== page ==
IAM Staff Profile: Nokuthula “Thuli” Mjwara

In this monthly series, we hand over the blog platform to IAM’s staff to share their own journeys, stories and insights in their own words. Though our journeys are all unique and individual, many of us share common challenges and dilemmas as we simply attempt to lead our lives as people of faith while loving whom we love.

Thuli Mjwara is a black feminist activist working towards an all-inclusive society. She graduated from the University of KwaZulu-Natal (Howard College) with a bachelor’s degree in social sciences having majored in Psychology and Criminology. She then served on a number of local, provincial and national forums advocating for LGBTIQA rights and victim services. She has always been passionate about making the Constitution a lived reality to all in the community. With 10 years’ work experience, she has had the privilege to work with a range of marginalized communities, from youth-at risk, sentenced offenders within correctional facilities, to youth living with disabilities, LGBTIQA youth and their families. Here is Thuli’s story in her own words..

There is something about having to retell personal stories that just does not sit well with me. Maybe it having to find the customary ‘happiness’ and welcoming that other families have when there is a newborn within the family compared to my dark dingy story. Or maybe it’s having to make a dark story pleasant and appealing, I am not sure. Anyways, let me welcome you to snorkeling in the depths of who I am. As in the words of the Kingpin of Rap, Jayzee, “Allow me to introduce myself…”

Born Nokuthula, my name means “one with peace” yet the name came merely as a reassurance that things would get better. My mother fell pregnant with me unexpectedly quickly, after the removal of the IUD, which in turn took my father by surprise. Overwhelmed, he decided to leave my mother and started dating an older woman who shared a common name with my mom, living just houses away. I was meant to bring peace to a tumultuous relationship and stress that followed my initial conception.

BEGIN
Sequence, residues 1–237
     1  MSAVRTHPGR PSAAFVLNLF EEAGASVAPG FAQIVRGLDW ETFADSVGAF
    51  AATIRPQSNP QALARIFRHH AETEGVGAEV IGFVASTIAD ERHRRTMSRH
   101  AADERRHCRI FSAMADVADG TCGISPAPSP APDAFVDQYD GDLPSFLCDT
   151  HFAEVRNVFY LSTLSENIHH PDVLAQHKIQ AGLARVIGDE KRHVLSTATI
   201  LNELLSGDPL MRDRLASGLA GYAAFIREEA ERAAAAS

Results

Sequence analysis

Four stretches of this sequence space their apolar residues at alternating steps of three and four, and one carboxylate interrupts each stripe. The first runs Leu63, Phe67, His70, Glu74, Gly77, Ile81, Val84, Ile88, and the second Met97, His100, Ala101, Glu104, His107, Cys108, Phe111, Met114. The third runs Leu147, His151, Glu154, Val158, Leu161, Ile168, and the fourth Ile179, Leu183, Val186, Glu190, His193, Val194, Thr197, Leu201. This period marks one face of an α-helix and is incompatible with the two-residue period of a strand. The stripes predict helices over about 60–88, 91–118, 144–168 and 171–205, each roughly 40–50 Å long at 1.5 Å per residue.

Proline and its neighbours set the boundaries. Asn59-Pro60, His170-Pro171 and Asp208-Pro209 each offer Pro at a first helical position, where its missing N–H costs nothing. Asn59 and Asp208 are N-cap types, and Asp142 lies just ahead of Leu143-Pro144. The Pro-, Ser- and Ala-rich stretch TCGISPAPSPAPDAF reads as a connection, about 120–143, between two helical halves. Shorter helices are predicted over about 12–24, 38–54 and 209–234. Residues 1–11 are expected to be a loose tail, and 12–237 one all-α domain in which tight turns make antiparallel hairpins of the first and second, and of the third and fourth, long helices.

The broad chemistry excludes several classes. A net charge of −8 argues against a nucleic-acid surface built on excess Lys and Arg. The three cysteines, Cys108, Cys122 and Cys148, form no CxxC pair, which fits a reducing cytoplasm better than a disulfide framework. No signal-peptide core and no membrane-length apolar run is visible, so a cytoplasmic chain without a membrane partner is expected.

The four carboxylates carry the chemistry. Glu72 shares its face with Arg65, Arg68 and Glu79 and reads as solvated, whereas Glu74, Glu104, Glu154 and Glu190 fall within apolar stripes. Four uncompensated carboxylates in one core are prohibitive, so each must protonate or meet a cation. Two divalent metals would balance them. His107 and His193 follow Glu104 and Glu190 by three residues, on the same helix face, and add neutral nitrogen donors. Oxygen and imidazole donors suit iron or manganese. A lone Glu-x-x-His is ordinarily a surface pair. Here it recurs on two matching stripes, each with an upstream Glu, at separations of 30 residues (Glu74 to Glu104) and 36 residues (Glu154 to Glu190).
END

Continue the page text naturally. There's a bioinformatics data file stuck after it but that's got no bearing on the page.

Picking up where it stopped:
In primary school, I was not only a top student but excelled in athletics. I made it to the Kwa-Zulu Natal team for softball, hockey and athletics. My physique was sculpted into a body of my then idol, Marion Jones. I was the tomboy in my gran’s neighborhood of KwaMashu whenever I visited. Out of concern of my tomboy look, my mom took it upon herself to make a lady out of me. She started canvassing for my application to the neighboring prestigious all girl’s school – something I was not happy about. I somehow “lost” the application (during a “letting go” ritual of burning away my stressors), and believed I was safe. However, I found myself thrust into a girls’ only school anyways, where I faced not only hair politics but other lessons that still haunt me and leave me susceptible to mockery amongst friends. One of the most painful memories of my high school was when, despite my academic and sporting contributions to the school, I was not included for selection in the final list of prefect candidates as my mother did not donate to the school. The lack of economic advantage became a cold slap on my face after the years of representing the school on a provincial level for a number of sporting codes. I matriculated from my prestigious girls’ school with outstanding marks, but the most lasting impact was the reawakening of my black consciousness, which was often called ‘rebellious’ in a model C high school.